In my job I find that automating the login takes up the most test running time because I have to robustly install a new version and start a service, but still have to login between tests. What this does is makes me push the dev team to speed up logins as much as possible, because that helps me. To extend my login analogy, maybe you have 2 different login mechanisms, so 95% of the time I will test the fastest one.

  • I start a feature testing with a session having a particular goal.
  • I document things as I go along(notes - containing test ideas, possible problems, investigations to do, what I’ve covered, etc); These will be useful usually for max of a day or so.
  • Each test idea that I experiment with or explore has a particular target - information goal;
  • Even if some small steps are repeated I do it anyway. As I vary things all of the time and it gives me more chances of finding bugs along the way in other places. I might vary a browser setup, step from which I go on to check the idea, maybe the branch I test onto, some test data, some steps, some observations I do along the way, etc.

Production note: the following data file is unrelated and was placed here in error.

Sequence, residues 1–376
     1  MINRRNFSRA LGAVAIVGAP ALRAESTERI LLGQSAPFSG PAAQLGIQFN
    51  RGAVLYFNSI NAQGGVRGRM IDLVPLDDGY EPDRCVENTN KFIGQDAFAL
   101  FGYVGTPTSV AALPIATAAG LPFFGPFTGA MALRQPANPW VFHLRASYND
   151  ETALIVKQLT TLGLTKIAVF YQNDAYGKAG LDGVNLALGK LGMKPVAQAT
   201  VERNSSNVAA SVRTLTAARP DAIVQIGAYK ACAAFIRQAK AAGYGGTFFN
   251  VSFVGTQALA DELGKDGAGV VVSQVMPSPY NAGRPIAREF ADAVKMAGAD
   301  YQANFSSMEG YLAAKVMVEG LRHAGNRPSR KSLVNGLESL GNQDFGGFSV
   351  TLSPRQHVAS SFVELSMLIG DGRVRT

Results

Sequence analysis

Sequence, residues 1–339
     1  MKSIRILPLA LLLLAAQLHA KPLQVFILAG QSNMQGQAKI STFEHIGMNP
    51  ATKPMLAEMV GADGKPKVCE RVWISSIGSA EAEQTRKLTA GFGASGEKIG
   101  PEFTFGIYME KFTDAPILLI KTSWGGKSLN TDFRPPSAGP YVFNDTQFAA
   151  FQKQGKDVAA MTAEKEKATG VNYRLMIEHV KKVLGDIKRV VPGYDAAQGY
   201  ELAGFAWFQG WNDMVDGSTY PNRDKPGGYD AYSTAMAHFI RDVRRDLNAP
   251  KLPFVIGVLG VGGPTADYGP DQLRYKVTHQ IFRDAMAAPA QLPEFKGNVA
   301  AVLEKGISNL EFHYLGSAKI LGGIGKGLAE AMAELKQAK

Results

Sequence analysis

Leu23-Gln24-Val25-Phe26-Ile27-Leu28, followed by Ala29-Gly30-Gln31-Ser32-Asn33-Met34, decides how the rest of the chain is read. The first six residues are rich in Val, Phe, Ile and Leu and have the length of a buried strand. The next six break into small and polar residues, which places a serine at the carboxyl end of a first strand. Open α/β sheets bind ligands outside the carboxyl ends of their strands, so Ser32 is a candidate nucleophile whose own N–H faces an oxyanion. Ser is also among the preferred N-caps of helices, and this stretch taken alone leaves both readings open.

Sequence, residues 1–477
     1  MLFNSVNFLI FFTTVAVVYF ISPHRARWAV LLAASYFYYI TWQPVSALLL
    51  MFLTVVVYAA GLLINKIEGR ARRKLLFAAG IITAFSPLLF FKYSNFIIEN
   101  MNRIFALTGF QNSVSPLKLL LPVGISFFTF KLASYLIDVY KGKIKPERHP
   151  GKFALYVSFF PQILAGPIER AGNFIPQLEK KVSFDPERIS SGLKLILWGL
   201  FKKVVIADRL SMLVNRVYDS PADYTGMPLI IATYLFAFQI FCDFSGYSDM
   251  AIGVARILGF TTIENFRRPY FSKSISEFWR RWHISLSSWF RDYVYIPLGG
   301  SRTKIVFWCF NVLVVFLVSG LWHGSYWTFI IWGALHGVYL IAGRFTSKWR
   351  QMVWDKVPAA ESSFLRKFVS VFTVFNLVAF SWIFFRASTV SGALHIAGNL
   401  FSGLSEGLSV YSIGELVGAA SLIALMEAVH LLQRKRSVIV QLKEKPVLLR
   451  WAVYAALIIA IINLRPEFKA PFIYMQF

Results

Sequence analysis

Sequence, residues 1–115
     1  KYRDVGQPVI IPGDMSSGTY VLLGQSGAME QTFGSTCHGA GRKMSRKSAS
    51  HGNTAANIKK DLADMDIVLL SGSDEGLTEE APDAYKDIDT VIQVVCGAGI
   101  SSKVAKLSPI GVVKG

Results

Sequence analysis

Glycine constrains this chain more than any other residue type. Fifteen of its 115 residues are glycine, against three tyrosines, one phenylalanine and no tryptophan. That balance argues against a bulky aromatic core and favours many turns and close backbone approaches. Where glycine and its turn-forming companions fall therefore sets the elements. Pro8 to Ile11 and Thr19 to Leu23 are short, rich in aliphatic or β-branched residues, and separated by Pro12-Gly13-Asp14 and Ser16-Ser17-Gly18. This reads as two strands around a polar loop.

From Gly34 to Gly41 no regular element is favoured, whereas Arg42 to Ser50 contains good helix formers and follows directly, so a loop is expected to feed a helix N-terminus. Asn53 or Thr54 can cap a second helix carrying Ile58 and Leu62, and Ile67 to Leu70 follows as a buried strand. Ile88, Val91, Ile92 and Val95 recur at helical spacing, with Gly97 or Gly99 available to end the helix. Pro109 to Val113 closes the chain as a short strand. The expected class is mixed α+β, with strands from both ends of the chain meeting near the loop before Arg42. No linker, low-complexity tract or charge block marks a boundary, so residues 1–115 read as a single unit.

• During a test I might wander away for a while distracted by something strange/interesting or an idea that came to mind. Then I resume to my initial idea, with maybe even more knowledge to identify a possible problem;

I guess using test-cases makes your experience in testing more bland and you’re skipping on the mindfulness of the moment: the modeling of the space, the questioning, the observations.
As I see it you have waste in many places:

  • first documenting the test-cases in detail in advance - test-cases are usually throwaway immediately after you wrote them;
  • following test-cases you’re skipping on: learning about the product, touring the feature/product/code, questioning the feature or the understanding of the feature from devs/ba or your beliefs which most of the time can be wrong; modeling the testing space having questioned and observed already with curiosity plenty of other things; etc…
  • using detailed test-cases you are forced to look into specific things; like a recipe of how not to find bugs; don’t watch left, don’t question right - as there might be bugs in there…